Crossing the pirate-infested Indian Ocean can be a life-or-death guessing game (published October 2012)
There were times—many times—in the past few months when Chris and I asked ourselves, “How on earth did we end up in this situation?” Times like when we were caught in the spotlight of an unknown ship, possibly a pirate mothership, searching for us in the middle of a dark Indian Ocean night. Or like when we were being taught how to make Molotov cocktails in Muscat. And like when there were skiffs all around, probably Somali pirates, debating whether they should attack or not. Times when we were screaming at each other from the stress of it all.
The truth is, there didn’t seem to be much choice. Regardless of where you start your world cruise, if you follow the winds, sooner or later you seem to end up in Malaysia or Thailand. To continue, you are faced with two main choices, neither attractive. Either you brave the Somali pirates in the Indian Ocean, or you brave the severe wind and weather around the Cape of Good Hope.
We procrastinated as long as we could. In the end, word was that pirates were now an issue even on the South Africa route, so the logical choice seemed to be to join a convoy and head across the Indian Ocean. Sailors before us described a week of worry and convoy hassles, running the gauntlet between Salalah in Oman and Aden in Yemen. A week of worry…yeah, we could handle that!
CLOSE ENCOUNTERS OF THE SHIP KIND
It started well. We had a meeting in Thailand with our convoy group, 30 boats strong, and decided to regroup in the Maldives. There were murmurs about a rapidly worsening situation, but hey—we are optimists.
However, by the time we got to the meeting point in Uligamu, Maldives, there was straight-out panic in the ranks. The situation had worsened. The pirate attacks had exploded into a frequency of up to three attacks daily. The pirates had huge tankers as motherships and access to tracking technology. They were now attacking using RPGs and assault weapons. They had spread out their area of activity to include the whole Indian Ocean, not just the Yemeni Coast.
It was said to be suicide to try and cross directly to Salalah, as in previous years. The only safe-ish route would be to hug the Indian Coast all the way up to Pakistan, then cross to Muscat in northern Oman and then hug the Omani Coast down to Salalah. This would add an extra 1400 miles and one month to the journey, most of it to weather. There would be fuel issues and visa issues, as none of us had expected to land in India.
This proved too much for most to stomach. Some turned around and headed back to Thailand, some went south, and 16 of our 30 boats decided to spend $30,000 to freight their boats directly to Turkey. Great, if you had $30,000. We did not.
Of our convoy of 30, we were six leaving the Maldives and heading north toward India. On the second day out, our lead boat developed a transmission issue and was dead in the water. One of the other boats agreed to tow them to Cochin in India. Now we were four. By the next night the two faster boats gained so much distance on us that we agreed to stay in radio contact and meet in Muscat. Now we were two! It was just us and a young South American couple and we decided to stay within eyesight of each other. They were armed and had decided from the beginning that they would rather die than be taken hostage. We had opted for a passive approach in case of trouble, but they were the boat we were with, so we knew there could be a gunfight. We had to make the best of it.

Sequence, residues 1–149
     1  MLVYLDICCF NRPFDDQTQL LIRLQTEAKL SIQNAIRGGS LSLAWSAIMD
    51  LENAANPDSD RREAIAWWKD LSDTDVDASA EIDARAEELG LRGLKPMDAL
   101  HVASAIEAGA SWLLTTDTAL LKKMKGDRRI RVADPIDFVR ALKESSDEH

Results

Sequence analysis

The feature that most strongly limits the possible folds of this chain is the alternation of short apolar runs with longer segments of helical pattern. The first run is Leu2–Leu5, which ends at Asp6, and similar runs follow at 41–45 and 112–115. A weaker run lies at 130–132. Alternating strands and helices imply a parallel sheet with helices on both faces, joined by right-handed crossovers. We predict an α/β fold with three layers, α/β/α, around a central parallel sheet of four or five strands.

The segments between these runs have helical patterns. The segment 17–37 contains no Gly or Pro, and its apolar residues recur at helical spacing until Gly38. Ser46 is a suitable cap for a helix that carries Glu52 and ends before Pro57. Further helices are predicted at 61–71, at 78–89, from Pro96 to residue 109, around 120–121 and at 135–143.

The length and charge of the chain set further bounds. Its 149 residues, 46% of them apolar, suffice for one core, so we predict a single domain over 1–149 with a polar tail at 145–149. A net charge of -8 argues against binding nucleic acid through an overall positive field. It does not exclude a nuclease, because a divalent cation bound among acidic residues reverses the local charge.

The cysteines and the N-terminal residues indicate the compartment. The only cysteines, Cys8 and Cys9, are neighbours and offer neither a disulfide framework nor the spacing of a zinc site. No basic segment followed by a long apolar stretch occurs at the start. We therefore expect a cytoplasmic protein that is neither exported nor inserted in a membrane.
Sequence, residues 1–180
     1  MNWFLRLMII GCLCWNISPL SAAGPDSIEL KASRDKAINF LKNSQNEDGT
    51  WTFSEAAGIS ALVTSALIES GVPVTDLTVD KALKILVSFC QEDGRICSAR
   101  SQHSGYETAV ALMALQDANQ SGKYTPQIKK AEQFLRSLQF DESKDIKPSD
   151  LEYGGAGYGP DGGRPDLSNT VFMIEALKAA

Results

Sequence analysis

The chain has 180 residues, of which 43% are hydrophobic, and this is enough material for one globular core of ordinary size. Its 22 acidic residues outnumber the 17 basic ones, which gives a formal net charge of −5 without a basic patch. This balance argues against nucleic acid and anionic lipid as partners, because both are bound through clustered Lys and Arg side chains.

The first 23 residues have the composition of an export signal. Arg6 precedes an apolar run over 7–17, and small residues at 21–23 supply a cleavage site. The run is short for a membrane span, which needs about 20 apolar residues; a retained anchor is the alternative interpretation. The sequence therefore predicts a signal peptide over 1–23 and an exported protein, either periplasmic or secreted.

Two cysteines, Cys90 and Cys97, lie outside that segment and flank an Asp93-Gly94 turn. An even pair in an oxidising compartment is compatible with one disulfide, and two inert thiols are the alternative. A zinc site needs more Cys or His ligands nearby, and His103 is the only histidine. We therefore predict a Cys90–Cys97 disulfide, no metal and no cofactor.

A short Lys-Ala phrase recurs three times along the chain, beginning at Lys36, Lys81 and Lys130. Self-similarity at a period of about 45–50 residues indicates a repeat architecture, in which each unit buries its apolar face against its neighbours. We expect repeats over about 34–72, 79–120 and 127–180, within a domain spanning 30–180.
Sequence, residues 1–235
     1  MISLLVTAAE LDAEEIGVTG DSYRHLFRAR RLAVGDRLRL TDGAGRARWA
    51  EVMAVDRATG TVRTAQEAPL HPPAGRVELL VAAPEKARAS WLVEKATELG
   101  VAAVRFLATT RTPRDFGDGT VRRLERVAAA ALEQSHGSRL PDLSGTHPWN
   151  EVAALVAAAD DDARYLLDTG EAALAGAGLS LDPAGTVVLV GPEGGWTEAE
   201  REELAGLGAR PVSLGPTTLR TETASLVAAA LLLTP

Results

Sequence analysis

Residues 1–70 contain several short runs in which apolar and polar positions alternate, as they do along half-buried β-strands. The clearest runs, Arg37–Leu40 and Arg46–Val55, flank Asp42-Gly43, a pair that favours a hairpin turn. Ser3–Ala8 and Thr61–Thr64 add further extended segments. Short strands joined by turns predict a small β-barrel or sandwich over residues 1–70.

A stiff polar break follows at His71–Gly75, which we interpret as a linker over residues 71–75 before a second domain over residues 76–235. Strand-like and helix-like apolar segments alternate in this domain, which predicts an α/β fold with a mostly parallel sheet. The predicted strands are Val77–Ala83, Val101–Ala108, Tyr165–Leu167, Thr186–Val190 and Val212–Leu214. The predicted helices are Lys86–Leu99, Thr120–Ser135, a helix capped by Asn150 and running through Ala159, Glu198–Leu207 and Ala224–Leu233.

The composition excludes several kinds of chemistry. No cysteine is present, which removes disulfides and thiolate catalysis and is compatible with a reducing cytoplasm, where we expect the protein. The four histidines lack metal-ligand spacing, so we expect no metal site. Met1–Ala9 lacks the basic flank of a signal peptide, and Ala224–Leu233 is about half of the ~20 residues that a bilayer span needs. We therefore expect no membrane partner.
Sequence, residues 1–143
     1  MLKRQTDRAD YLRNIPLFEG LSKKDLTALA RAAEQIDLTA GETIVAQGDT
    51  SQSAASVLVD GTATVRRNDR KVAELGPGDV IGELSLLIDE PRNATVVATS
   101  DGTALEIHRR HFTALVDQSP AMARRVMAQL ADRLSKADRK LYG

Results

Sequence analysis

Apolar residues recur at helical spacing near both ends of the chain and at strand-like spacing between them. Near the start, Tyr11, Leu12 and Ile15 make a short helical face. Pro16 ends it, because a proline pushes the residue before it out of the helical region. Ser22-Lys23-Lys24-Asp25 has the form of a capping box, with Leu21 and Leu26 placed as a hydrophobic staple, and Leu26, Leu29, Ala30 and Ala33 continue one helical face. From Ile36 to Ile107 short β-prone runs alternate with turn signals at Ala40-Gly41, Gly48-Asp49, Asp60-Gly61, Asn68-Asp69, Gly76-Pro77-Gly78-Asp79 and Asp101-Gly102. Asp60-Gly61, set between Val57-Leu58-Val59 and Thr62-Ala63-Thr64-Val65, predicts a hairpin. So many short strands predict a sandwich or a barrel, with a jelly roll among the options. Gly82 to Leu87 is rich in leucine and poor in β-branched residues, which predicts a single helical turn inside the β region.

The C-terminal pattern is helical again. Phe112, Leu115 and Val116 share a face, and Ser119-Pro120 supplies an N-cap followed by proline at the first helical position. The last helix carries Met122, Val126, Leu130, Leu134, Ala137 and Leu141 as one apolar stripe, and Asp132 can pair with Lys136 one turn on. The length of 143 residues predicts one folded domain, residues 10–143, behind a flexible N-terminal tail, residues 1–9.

We made our way up the Indian Coast, getting more tired and scared with each passing day. We maintained radio silence on the VHF, speaking only on SSB when necessary. We had no nav lights except a small white light encased in a sock, visible for 165 feet. We turned off active AIS and took down our radar reflectors. We were trying to be as invisible as possible; so were a great many huge ships. We were not supposed to be in shipping lanes, but the pirates have driven the merchant ships to alter course, just like us, and to travel with mercenary crews, no nav lights and no AIS. There were many close encounters.
A SOBERING REALITY
At this point we were still clinging to the thought that no yachts had been captured in the Indian Ocean for two years. Perhaps the pirates were not interested in us as we were too small. We had been fighting the winds heading north for about two weeks. We even got a little cocky and started to discuss taking a shortcut. Perhaps we could sneak across on latitude 18° instead of going all the way north. No one had been taken on latitude 18°!
The very next morning, we got the news that Quest, with four Americans on board, had been captured on the 18th latitude just a few miles from one of our intended waypoints. We were all very quiet on the radio that day. We did not even have to discuss the rejection of our latest plan. We just kept plodding northward, now with the knowledge that our last fragile thread to a feeling of security had been severed. They were not just after merchant ships; they would take a yacht and had done so.
Four days later, the news came: “They have killed them all.” It is hard to describe how we felt at that moment. My mind was full of images of the horror that must have played out on that yacht. We grieved for those people, part of our yachting community. We also knew that we had made a huge mistake in judgment. This was not a simple cat and mouse game between us and the pirates. We were risking not just our freedom, but our lives. Some time later, Danish yacht ING was taken with seven crew, three of them children. Things were going from bad to worse.